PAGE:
Before assigning pods to a node, the control plane checks for the node’s resources and affinity, then it sets pods that are suitable for the node’s potentials and resources. Further, it checks the nodes’ validity every second.
3. Node and Pod Relationship
Kubernetes doesn’t run containers directly; instead, it embeds the containers into a high-level structure called a pod. Containers in the same pod share the same resources and network as they all run on the same node. These containers can also easily communicate while others on different pods maintain a degree of isolation.
Note that each pod is tied to the node where it is scheduled and remains there until termination—according to restart policy—or deletion. In case of a node failure, identical pods are scheduled on other available nodes in the cluster.
While pods can house as many containers as possible, it’s much better to set limits and treat all the containers in a pod as if they would scale together as a unit. To consider a pod as solitary, all containers in the pod must be scaled together regardless of their individual need for resources. However, this leads to a waste of resources.
So, pods should wrap only primary process containers and their tightly coupled containers to make them as small as possible—thereby preserving resources.
4. Node Condition
Node condition describes the status of all <terminal inline>running<terminal inline> nodes. Examples of node conditions are Ready, DiskPressure, Memory Pressure, and Network Unavailable. If the status of a node is False or Unknown, the node controller or control plane triggers the API-initiated eviction of pods associated with that node. Also, if a node is unreachable, the pods may be scheduled for deletion.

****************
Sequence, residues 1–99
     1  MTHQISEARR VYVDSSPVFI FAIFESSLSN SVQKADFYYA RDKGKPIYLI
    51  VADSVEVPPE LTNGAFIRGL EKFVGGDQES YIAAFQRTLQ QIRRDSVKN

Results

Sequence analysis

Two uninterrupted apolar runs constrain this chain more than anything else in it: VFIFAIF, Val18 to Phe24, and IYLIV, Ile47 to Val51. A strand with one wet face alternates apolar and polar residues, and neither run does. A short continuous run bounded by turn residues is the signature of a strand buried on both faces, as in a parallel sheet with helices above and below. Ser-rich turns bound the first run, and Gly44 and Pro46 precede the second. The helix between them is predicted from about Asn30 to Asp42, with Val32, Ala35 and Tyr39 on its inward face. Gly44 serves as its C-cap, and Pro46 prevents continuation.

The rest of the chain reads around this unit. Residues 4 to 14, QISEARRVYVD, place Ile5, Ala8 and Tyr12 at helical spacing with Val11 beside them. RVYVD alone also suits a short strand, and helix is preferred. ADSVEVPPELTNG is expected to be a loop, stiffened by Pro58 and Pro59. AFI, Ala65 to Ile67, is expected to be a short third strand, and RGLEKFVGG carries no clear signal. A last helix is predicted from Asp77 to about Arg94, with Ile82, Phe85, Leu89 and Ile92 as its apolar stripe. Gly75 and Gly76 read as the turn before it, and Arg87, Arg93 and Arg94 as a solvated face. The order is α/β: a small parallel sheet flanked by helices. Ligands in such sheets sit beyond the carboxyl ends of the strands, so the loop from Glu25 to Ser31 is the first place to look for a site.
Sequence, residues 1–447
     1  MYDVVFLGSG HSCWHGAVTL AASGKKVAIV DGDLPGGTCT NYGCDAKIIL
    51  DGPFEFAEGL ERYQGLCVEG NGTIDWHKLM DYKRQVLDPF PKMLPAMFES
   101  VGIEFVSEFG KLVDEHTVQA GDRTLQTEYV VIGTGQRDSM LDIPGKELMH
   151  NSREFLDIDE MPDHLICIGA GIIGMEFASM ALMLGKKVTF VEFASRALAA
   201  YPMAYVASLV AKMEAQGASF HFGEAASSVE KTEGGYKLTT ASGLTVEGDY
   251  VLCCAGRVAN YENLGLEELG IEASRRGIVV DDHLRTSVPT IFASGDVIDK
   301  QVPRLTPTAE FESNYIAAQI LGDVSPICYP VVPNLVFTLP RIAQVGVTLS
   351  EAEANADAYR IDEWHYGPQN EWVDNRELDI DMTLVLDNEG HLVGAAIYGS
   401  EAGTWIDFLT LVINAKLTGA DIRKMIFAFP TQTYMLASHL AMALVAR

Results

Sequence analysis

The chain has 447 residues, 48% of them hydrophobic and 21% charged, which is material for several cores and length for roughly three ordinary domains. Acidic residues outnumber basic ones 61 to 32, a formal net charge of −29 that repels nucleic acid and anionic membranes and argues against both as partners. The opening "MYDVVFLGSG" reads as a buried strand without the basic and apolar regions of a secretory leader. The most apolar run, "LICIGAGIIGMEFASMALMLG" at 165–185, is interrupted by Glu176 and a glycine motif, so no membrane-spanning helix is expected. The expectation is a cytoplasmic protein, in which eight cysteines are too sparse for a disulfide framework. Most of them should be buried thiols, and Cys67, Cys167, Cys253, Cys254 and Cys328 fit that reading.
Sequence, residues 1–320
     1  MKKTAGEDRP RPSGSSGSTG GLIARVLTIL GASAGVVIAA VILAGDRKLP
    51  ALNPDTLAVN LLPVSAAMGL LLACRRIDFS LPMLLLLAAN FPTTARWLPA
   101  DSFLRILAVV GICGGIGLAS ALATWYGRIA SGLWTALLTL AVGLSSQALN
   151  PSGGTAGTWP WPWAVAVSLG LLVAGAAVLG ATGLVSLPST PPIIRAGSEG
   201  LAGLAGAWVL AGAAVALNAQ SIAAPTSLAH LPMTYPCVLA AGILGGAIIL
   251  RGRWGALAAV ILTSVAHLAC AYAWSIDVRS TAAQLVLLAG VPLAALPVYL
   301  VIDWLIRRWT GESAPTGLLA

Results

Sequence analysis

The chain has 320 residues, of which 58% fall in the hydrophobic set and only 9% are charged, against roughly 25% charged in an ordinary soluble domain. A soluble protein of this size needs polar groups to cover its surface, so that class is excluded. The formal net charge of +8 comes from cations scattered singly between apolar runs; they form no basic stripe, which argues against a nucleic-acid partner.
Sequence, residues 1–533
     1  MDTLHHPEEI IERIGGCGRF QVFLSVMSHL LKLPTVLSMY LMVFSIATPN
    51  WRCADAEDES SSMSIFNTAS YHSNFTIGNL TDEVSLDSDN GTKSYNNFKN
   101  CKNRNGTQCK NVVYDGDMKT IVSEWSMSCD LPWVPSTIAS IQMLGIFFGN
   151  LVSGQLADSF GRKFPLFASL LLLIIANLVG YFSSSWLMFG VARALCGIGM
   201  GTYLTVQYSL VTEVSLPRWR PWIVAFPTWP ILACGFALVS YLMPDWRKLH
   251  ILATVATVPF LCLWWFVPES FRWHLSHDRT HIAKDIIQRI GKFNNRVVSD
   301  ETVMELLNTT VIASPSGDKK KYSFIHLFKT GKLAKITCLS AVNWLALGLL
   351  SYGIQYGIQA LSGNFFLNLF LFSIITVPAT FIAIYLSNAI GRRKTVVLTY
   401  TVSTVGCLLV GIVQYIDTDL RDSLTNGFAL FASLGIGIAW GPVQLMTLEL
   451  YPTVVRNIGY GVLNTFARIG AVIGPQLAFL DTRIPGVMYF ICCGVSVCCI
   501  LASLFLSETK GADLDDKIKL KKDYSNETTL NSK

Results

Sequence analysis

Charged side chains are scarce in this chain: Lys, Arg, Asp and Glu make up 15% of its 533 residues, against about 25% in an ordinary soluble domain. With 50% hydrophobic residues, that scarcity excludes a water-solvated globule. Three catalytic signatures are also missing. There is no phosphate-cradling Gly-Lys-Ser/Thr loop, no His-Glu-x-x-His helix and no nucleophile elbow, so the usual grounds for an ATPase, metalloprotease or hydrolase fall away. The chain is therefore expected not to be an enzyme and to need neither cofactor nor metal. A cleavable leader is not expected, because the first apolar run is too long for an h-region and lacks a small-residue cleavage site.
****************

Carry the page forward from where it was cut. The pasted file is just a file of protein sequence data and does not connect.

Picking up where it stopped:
5. Node Heartbeats
Just like heartbeats can reveal critical health-related information about a person, Kubernetes nodes have a concept called heartbeats that let the control plane know about the health of the nodes under its control.
Sent by the kubelet of each node in regular intervals, heartbeats communicate the status of the node with the control plane. The control plane can then make decisions about whether the node is available for hosting pods or not, and if it’s not healthy, what actions can be taken.
According to the official Kubernetes documentation, there are two types of heartbeats for nodes:
- updates to the <terminal inline>.status<terminal inline> of a node
- lease objects in the <terminal inline>kube-node-lease<terminal inline> namespace.
Unlike updates to a node’s `.status, lease is a light resource. You can reduce the performance effect of updates on large clusters by using leases for heartbeats.
6. Node Controller
Node Controller, also known as the control plane, manages various parts of the node. It affects the node in three ways, by:
- assigning a Cross Inter-Domain Routing (CIDR) block to the registered node
- updating the node controller’s internal list of nodes
- monitoring the node’s health
The node controller achieves the above by verifying the state of each node every <terminal inline>--node-monitor-period<terminal inline> second.